However, Jesus advocates meekness and humility rather than offense and dishonouring the Kingdom of God by insisting on his moral and spiritual position. In this, he instructs Peter to do the same, and to act in all ways to uphold the high principles of God's Kingdom. Jesus tells him to produce the coin from:

  • a fish - an area in which Peter is skilled and labours for his pay
  • a single line instead of a whole net - faith that such a single fish will be guided by the Divine to his single line
  • a fish's mouth - a gentle jibe at the rulers of the world - Jonah was spat up from a fish's mouth on the coast of Ninevah, to proclaim a prophecy against a people he didn't want to save - so perhaps God is coughing up a coin in miracle provision to spare all the rest of Jesus' and Peter's money from being used by the pest of this world.
  • An excellent point that Peter was exhorted to apply his skilled labor set to solve the monetary problem. Commented Feb 24, 2020 at 23:50

The first thing is to ensure we have an accurate translation. The subject is the "Temple Tax" rather than "Tribute" - which is how the KJV translates this. The Temple tax was instituted in Exodus (Ex. 30:11-16). Tribute, on the other hand, is what a vassal pays each year to the king. The Roman Caesars minted "tribute" coins. If you pay tribute to Caesar, you acknowledge his "kingship" in your life. That is the debate in Mark 12

The "tribute" was paid in a denarius and had an image of Caesar on it. The inscription said:

"Tiberius Caesars, son of the Divine Augustus, Emperor"

and the obverse declared Tiberius

"High Priest"

so this was considered worshiping a false god in the eyes of the Jews.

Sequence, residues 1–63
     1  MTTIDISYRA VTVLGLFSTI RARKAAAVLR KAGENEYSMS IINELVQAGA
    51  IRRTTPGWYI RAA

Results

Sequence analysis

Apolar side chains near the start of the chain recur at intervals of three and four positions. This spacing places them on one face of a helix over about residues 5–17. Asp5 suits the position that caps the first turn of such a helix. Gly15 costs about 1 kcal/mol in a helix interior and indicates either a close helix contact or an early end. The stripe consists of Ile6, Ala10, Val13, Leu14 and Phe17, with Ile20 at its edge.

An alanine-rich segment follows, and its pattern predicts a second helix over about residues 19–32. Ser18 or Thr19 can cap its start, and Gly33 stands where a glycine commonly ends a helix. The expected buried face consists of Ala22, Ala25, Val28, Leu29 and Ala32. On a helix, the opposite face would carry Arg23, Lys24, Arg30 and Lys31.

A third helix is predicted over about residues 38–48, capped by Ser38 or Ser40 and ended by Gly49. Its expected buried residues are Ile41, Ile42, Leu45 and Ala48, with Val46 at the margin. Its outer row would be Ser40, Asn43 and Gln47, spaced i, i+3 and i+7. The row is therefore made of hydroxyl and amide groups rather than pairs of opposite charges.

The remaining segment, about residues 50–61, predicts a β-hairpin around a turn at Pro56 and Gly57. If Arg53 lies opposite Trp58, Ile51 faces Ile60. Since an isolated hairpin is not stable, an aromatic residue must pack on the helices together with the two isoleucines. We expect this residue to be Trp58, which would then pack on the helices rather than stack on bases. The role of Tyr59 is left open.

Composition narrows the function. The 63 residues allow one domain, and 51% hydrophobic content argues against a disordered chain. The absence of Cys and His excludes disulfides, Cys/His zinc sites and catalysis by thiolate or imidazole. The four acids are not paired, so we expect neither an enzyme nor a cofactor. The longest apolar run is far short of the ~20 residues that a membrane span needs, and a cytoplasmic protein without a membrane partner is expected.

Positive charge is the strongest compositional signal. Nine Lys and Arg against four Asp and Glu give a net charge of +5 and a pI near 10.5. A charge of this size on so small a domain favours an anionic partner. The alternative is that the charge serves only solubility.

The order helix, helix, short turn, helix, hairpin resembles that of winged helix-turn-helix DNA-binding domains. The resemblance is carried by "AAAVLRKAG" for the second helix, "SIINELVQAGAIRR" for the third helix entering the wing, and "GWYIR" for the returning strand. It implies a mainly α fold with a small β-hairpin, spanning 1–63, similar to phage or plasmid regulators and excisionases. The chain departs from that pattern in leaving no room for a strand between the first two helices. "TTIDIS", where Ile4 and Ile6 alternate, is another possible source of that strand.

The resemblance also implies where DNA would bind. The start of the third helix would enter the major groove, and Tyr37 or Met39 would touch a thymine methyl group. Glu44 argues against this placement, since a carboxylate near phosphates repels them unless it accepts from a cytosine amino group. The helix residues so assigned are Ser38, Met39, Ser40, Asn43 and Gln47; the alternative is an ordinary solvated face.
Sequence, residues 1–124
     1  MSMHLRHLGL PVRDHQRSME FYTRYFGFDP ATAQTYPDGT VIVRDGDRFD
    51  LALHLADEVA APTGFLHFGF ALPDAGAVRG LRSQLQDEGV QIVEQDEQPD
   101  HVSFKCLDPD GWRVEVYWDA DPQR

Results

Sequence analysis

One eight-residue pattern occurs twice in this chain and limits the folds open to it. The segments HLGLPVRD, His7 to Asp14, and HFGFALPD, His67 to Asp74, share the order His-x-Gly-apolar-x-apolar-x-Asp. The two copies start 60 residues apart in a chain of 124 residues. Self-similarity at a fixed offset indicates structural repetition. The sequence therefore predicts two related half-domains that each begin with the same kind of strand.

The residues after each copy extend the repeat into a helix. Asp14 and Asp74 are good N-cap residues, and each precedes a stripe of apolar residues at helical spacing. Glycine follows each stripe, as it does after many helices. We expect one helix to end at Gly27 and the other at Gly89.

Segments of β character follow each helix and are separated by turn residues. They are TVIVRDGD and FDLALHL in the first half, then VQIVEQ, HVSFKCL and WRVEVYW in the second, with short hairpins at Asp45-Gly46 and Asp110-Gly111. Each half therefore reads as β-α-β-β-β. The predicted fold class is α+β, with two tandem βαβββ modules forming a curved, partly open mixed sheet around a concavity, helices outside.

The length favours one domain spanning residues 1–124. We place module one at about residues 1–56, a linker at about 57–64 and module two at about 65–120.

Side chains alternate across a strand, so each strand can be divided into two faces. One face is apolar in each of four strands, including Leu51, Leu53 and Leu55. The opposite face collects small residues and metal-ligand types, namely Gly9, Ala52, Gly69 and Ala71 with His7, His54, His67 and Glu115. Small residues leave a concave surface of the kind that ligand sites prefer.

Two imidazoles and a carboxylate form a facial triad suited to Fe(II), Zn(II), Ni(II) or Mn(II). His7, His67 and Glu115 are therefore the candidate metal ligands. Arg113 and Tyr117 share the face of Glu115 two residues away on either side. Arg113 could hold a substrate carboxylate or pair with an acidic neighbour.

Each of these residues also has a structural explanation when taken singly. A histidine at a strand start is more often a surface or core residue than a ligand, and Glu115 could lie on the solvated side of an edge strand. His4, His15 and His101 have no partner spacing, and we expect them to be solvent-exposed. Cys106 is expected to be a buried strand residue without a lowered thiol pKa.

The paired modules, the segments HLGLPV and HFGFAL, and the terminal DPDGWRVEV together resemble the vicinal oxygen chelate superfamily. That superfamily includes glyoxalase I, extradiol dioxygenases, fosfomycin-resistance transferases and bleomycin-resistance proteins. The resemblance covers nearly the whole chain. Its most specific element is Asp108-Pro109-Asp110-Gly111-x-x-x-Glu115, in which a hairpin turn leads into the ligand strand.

Point 1: The Temple tax was paid using a Tyrian Shekel. A problem with the Tyrian Shekel was that it had a pagan god on it - Melqarth-Herakles (Hercules in the Roman pantheon). Tyrian Shekels had high purity silver content and were, therefore, the only coins authorized by the religious leaders to pay your temple tax. It also appears that when the Tyrian mint closed - they moved the minting operation to Jerusalem - and continued to mint the Tyrian Shekel with the Tyrian god on it.

As Gordon Franz notes:

"The rabbis decided that the commandment to give the half-shekel Temple tax, with its proper weight and purity, was more important than the prohibition of who or what image was on the coin."

Point 2: The "sea" in the ancient Near East (Old Testament as well as New) was an image of judgment.

Dane Ortlund writes in his journal article What Does It Mean to Cast A Mountain into the Sea? Another Look at Mark 11:23 in Bulletin for Biblical Research:

The “sea” likewise has a consistent meaning in the Bible beyond the mere referent to a large body of saltwater. Throughout the Bible, the sea often symbolizes darkness, separation from God, divine judgment

So a possible interpretation is that Jesus is making a statement about the fact that the temple authorities were using a coin that violated the command of no graven image to pay for the functioning of the temple. That the coin is "in the sea" - the place of divine judgment - would be a symbolic way of showing what you think about the coin approved for use in the temple.

A significant portion of the message of the Gospels - particularly Mark - is that God's judgment is coming to the Temple and the religious leaders. Following the words of Malachi 3:

Then suddenly the Lord you are seeking will come to his temple (Mal. 3:1)


So I will come to put you on trial (Mal. 3:5)

Jesus is continually obedient to God's commands. He pays the tax. But does it in a symbolic manner to show what he thinks about the coin and the hypocrisy of the temple authorities.